I tried port forwarding on HP for the server and it worked, but I would prefer the file server to be only accessible when I connect from OpenWRT devices and from HP devices through LAN connection. Devices connecting to ISP router directly like through Wi-FI or connected with LAN cable shouldn't easily be able to access the file server.

What would be the way to achieve my goal? If it's at all possible, of course.

Thank you for your help

Maybe you can draw your current and desired network topologies to make this more clear.

Here is the topology

The current and desired topology is pretty much the same.

I hope I understood you correctly

So routers are gateways, and you can't have the address ranges the same on both sides of a router. I'm not sure what you are trying to do with the firewall in the OpenWrt router, but generally speaking the traffic will never hit the firewall because of the fact that the OpenWrt router isn't actually doing any routing. There is a 'bridge firewall' that you can setup, but that's a bit different (and requires installing other packages).

Why not put everything behind the OpenWrt router. Eliminate the HP router and setup VLANs on your OpenWrt device. Ideally, if you can configure your ISP ONT to bridge mode, you can avoid double NAT.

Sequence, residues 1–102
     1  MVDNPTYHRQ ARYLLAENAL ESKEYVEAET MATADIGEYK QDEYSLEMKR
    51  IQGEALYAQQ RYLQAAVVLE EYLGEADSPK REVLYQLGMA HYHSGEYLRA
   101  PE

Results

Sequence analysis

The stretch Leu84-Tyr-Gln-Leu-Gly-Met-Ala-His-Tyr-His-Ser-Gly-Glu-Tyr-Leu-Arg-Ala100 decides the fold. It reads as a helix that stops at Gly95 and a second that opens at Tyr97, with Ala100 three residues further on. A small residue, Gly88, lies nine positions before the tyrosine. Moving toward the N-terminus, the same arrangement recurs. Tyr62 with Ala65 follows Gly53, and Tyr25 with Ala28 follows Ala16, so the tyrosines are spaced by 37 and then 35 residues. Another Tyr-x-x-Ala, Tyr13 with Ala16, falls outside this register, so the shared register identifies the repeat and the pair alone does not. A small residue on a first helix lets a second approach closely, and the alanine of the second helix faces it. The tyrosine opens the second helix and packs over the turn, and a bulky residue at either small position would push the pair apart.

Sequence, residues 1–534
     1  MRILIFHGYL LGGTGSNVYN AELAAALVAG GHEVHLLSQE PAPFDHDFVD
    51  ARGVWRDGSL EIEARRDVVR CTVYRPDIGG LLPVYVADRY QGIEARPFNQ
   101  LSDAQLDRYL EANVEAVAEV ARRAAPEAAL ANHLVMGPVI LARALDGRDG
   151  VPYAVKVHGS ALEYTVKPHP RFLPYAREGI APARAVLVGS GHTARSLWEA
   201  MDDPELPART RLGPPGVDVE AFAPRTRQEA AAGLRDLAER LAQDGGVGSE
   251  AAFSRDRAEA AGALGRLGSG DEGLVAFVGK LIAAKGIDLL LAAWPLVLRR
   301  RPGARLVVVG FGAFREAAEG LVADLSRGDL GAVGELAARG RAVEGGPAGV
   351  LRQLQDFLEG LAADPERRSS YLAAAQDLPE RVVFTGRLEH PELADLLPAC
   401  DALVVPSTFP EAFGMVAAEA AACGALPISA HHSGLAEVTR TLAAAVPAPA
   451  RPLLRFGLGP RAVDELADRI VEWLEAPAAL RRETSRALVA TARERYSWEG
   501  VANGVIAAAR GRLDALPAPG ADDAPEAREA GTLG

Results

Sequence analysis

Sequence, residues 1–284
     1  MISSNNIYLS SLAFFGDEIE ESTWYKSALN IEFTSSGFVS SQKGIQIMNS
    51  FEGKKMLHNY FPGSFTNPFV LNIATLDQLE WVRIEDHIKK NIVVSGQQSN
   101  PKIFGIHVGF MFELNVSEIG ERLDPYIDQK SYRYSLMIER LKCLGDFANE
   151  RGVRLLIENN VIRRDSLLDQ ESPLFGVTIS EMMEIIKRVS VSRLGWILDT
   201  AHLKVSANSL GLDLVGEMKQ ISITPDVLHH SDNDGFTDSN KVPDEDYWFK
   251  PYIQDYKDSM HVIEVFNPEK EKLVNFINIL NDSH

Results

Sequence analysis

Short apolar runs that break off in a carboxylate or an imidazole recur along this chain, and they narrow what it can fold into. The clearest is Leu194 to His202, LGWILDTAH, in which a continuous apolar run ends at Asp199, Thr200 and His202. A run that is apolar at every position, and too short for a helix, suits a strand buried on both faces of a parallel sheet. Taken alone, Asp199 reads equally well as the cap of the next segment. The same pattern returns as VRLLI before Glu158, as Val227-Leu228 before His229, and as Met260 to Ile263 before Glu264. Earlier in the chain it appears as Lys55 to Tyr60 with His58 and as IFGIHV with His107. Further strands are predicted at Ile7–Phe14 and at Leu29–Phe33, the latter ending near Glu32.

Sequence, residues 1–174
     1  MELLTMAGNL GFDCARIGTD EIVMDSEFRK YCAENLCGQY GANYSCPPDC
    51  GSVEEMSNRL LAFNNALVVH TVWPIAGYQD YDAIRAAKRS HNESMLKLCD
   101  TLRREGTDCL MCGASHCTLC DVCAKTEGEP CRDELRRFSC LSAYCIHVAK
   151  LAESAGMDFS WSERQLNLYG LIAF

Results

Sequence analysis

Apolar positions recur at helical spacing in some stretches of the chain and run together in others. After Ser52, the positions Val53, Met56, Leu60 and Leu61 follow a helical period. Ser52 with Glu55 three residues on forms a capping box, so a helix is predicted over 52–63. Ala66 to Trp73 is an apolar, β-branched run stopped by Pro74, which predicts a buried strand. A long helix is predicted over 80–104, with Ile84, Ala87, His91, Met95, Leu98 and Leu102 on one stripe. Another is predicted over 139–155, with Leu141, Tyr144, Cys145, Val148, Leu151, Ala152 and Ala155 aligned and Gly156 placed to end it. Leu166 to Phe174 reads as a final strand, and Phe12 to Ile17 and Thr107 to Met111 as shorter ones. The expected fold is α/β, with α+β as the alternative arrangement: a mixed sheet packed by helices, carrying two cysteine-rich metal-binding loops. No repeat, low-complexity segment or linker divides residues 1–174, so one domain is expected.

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So basically, no NAT = no ability to do routing?

I can't make ISP router a bridge, it doesn't have this functionality, it's really barebones


Maybe your ISP can set the ONT router in bridge mode. It's worth a try.

Well, there is a distinction between NAT Masquerading (as one method of routing) and other routing methods, but if your network, especially if you can't set static routes and such on the ISP router, you need NAT Masquerading for this to function properly.

You can read about the bridge firewall, but I don't think that this is the best solution for your needs.

Not all routers have the capability, so I understand that. But sometimes it goes under different names. I was just looking at a Bell (Canada) Home Hub 3000 and it calls this feature "advanced DMZ" and it is supposed to do exactly the bridge mode I am talking about, this is despite the fact that that same router doesn't have the ability to set static routes or really anything else beyond the basics.